I went to a funeral this morning. A wonderful lady in my ward has died, in considerable agony it seems; she was too young to suffer and die like this.
I didn’t know her well, but the reason I got to know her at all was that she had once approached our Primary president and asked where she could be used. She was so eager to help with the kids that she volunteered herself when other people were bowing out. In our Primary we’re perpetually short of teachers, so having someone proffer herself simply because she wanted to be there, wanted to help, meant a great deal.
When someone dies during the Christmas holidays it can feel like a cruel joke, like God is toying with us. What is supposed to be a hopeful and joyous time turns sinister. This time last year when my mom was in the hospital, her prognosis rapidly deteriorating, “Christmas spirit” was rather thin on the ground.
And yet in death, there is Christ. I saw Christ in the nurses who bathed and cared for my mother, and especially in the hospice nurse whose matter-of-fact compassion guided us through the story’s inevitable conclusion.
So while I had little or no “Christmas spirit” last year, I had an Advent spirit. I was waiting, waiting, waiting for death and rebirth; I was keenly aware of God’s Emmanuel presence even though I could not pray. I saw the veil between heaven and earth grow thinner as my mother’s body and soul prepared for the next, last thing.
Unlike a blithe Christmas spirit, an Advent spirit does not avoid death and sadness. It embraces death head on. This past weekend in a discussion about Matthew 2:1-12, Eric Elnes reminded me that myrrh, one of the three gifts the magi brought to the Christ child, was traditionally used to embalm the dead.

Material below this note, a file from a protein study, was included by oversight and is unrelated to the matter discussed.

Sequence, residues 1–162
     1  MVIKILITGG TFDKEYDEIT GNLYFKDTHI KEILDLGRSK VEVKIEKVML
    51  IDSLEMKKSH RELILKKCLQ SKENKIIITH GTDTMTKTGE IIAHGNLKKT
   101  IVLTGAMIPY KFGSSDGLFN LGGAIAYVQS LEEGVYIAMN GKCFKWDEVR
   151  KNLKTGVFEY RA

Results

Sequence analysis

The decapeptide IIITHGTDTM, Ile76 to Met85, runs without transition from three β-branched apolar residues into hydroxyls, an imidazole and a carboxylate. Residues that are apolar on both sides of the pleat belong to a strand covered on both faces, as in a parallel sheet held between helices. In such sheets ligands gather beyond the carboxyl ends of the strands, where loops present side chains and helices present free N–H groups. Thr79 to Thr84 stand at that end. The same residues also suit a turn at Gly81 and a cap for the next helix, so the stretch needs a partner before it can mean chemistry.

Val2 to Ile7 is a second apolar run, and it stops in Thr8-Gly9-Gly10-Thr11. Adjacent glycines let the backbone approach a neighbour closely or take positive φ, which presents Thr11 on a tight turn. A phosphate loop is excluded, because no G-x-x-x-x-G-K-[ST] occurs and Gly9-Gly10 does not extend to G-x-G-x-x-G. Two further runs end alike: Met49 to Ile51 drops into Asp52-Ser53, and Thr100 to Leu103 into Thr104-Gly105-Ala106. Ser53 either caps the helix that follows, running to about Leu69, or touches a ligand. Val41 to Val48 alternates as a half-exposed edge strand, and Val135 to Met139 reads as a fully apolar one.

Seen through the lens of a Christmas spirit, this is an odd choice for a baby gift: you bring a onesie, a rattle, and a . . . casket?
But seen through the lens of an Advent spirit, the gift makes perfect sense. It was a sign that Christ would be Lord over everything, even unto death. The order of things was about to undergo a seismic shift.
I am reminded of a story Dietrich Bonhoeffer told in a sermon in 1933. There had been a mining disaster in the news, with people waiting anxiously to see if trapped miners would be rescued.
You know what a mine disaster is. In recent weeks we have had to read about one in the newspapers.
The moment even the most courageous miner has dreaded his whole life long is here. It is no use running into the walls; the silence all around him remains. He knows people are crowding together on the surface; but the way out for him is blocked. He knows the people up there are working feverishly to reach the miners who are buried alive. Perhaps someone will be rescued, but here in the last shaft? An agonizing period of waiting and dying is all that remains.
But suddenly a noise that sounds like tapping and breaking in the rock can be heard. Unexpectedly, voices cry out, “Where are you, help is on the way!” Then the disheartened miner picks himself up, his heart leaps, he shouts, “Here I am, come on through and help me! I’ll hold out until you come! Just come soon!” A final, desperate hammer blow to his ear, now the rescue is near, just one more step and he is free.
We have spoken of Advent itself. That is how it is with the coming of Christ: “Look up and raise your heads, because your redemption is drawing near.”
We are the miners, trapped in the specter of certain death; we are waiting for rescue. Advent is the reminder that even when death overtakes us there is hope, there is life. As Bonhoeffer put it, “In these weeks of Advent while we are waiting for Christmas, he calls to us that he is coming and that he will rescue us from the prison of our existence, from fear, guilt, and loneliness.”
I will look up and raise my head.